Large cities have always been home to mobile vendors selling anything from small toys to dried liver. By the end of the 18th century, newer, larger influxes of migrants brought in many changes for the urban dwellers of Istanbul. Many of these newcomers first found shelter within the markets of the city. As a result, individuals, either migrants or locals, started setting up makeshift cook shops within and around market places. Within 100 years, the number of merchants increased exponentially. The smell of cooking stands, sights of prepared food, and the sounds of mobile vendors singing out their goods were all too familiar. And, for some it was a sign of reputable social standing to be able to “eat out.”
Summer, winter, spring or autumn, Istanbul is beautiful year-round whether it’s under a blazing sun or three meters of snow. So, when love is on the mind this Valentine’s Day, do not be surprised when the city manages to exude more charm than usual. The otherwise grey February streets of Istanbul suddenly become a foggy reminder of romantic pasts. The rushing feeling of people hurrying along Istiklal Street seems tenderer; couples huddle together, bundled shoulder-to-shoulder. While beautiful, the city is just the beginning for any romantic.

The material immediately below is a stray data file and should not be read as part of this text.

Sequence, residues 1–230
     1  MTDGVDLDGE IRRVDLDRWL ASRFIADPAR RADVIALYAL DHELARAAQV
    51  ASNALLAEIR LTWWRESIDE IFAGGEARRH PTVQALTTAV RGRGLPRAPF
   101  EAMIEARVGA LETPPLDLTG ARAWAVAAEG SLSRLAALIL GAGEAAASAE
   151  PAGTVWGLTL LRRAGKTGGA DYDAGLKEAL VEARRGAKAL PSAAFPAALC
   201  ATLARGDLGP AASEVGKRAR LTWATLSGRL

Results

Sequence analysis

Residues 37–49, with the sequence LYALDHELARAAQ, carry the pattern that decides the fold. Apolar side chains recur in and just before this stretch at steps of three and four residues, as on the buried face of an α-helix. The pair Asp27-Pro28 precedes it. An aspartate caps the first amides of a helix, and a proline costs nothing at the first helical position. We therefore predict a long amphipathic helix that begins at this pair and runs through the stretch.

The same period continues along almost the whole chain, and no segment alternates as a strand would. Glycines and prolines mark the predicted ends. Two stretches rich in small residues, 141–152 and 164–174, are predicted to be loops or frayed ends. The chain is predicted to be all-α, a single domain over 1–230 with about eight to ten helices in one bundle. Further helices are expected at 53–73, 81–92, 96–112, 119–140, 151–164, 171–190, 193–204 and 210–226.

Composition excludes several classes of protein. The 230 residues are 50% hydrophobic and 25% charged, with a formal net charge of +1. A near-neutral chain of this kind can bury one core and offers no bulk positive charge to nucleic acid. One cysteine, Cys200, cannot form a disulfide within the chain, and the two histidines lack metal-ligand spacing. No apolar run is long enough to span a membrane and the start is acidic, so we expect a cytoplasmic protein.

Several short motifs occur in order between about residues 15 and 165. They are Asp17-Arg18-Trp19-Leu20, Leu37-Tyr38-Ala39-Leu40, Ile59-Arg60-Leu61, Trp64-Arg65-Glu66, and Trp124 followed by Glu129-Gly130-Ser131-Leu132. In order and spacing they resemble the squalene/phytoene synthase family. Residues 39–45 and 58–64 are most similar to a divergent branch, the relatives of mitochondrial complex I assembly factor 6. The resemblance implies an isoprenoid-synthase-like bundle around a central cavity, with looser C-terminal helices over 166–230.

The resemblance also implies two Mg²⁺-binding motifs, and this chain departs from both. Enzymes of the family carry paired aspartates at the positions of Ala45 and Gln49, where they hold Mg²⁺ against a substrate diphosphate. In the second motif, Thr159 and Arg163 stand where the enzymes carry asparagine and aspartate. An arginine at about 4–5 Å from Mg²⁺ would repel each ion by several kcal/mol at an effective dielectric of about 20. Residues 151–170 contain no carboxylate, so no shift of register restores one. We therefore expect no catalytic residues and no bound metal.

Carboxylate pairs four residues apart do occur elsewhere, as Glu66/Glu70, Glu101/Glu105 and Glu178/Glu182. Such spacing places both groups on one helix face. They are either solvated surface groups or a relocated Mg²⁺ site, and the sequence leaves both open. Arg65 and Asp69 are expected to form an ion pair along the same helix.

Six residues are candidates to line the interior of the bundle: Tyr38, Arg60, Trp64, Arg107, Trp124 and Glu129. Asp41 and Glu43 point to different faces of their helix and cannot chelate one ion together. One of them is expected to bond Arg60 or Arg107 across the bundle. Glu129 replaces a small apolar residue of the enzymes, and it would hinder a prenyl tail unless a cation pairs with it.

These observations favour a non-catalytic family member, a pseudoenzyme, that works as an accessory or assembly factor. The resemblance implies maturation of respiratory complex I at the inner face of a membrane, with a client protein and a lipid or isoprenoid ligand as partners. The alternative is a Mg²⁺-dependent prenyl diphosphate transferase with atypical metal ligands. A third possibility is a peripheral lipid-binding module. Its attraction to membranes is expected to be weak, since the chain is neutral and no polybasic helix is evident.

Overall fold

Whether you are just visiting Istanbul or you are a permanent resident, consider yourself lucky to be windswept in one of the most enchanting cities in the world – if you know where to go.